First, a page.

Those familiar with Competition law will be aware that collective proceedings before the Competition Appeal Tribunal are burgeoning. And it might have been hoped that the Consumer Rights Act 2015, and the recent flurry of collective proceedings that have been certified by the Tribunal following the Supreme Court judgment in Mastercard v Merricks [2020] UKSC 51, would have blazed a trail for collective redress in the United Kingdom – that where the Consumer Rights Act led, CPR Rule 19 might follow. There is a sore need in the UK for an effective mechanism for collective redress:

“…The mass production of goods and mass provision of services have had the result that, when legally culpable conduct occurs, a very large group of people, sometimes numbering in the millions, may be affected. As the present case illustrates, the development of digital technologies has added to the potential for mass harm for which legal redress may be sought.”
Lloyd v Google [2021] UKSC 50, para 67

The Supreme Court’s judgment in Lloyd v Google [2021] UKSC 50 has provided much needed clarification of the scope of the representative action procedure in CPR Rule 19.6, and for some types of claim the way is now clear for claimants to seek collective redress in the High Court. For other types of claim, however, and for data protection claims in particular the judgment has severely curtailed the prospect of the common law providing a solution.

Please click here to read the full case note.

See news post from 10th November here.

The comments made in this case note are wholly personal and do not reflect the views of any other members of Monckton Chambers, its tenants or clients.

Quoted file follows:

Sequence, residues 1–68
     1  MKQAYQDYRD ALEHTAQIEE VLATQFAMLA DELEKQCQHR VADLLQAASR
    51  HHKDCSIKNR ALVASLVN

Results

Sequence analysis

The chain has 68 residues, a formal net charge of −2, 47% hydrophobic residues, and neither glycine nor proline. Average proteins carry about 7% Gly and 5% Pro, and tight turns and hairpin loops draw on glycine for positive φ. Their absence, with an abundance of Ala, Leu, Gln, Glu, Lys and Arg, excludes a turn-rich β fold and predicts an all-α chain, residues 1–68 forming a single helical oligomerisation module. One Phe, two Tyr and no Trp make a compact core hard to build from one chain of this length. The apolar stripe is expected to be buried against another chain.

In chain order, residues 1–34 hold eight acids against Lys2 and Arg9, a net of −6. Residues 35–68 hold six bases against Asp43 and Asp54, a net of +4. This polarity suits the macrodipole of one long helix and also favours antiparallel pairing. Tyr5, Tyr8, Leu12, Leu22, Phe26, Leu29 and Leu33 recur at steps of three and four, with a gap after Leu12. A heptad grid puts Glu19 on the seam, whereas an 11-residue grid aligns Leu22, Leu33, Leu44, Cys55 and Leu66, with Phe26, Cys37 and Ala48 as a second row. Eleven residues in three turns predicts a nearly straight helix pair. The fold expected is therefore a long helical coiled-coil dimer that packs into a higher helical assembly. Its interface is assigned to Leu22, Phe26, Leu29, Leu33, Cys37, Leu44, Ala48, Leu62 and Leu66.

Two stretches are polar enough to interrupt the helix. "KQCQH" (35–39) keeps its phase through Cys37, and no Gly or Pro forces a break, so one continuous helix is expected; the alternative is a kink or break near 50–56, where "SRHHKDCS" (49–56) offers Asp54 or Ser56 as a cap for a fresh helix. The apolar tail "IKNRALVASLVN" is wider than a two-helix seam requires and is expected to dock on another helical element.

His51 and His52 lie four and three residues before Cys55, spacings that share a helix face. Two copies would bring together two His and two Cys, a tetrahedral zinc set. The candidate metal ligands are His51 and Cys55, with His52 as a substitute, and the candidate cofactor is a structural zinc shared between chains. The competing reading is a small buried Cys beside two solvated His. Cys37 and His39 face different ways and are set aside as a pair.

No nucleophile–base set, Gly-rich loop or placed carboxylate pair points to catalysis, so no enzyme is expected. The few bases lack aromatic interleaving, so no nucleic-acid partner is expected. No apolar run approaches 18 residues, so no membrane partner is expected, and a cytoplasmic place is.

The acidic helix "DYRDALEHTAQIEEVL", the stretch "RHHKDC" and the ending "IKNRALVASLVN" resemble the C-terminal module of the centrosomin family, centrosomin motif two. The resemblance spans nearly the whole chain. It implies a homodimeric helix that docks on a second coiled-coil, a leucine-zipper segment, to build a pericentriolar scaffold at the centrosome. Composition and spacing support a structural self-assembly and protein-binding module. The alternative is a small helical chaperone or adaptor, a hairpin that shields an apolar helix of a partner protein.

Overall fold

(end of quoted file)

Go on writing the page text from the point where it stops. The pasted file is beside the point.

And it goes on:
It’s good to talk (about collective proceedings): the Competition Appeal Tribunal’s judgment in Le Patourel v BT

Ronit Kreisberger QC, Nikolaus Grubeck, and Jack Williams represent the successful class representative, Justin Le Patourel. The counsel team are instructed by Mishcon de Reya.

The judgment is available here.

Hot on the heels of the Competition Appeal Tribunal’s decision to certify most aspects of the collective proceedings in Merricks (a practical inevitability after the Supreme Court’s judgment in that case), the Tribunal has recently handed down its judgment on the contested application for a collective proceedings order (“CPO”) in Justin Le Patourel v BT Group Plc & British Telecommunications Plc. It becomes only the second competition law claim – and the first stand-alone claim – to be certified for pursuit by way collective proceedings.

Please click here to read the full case note.

See news post from 27th September here.

The comments made in this case note are wholly personal and do not reflect the views of any other members of Monckton Chambers, its tenants or clients.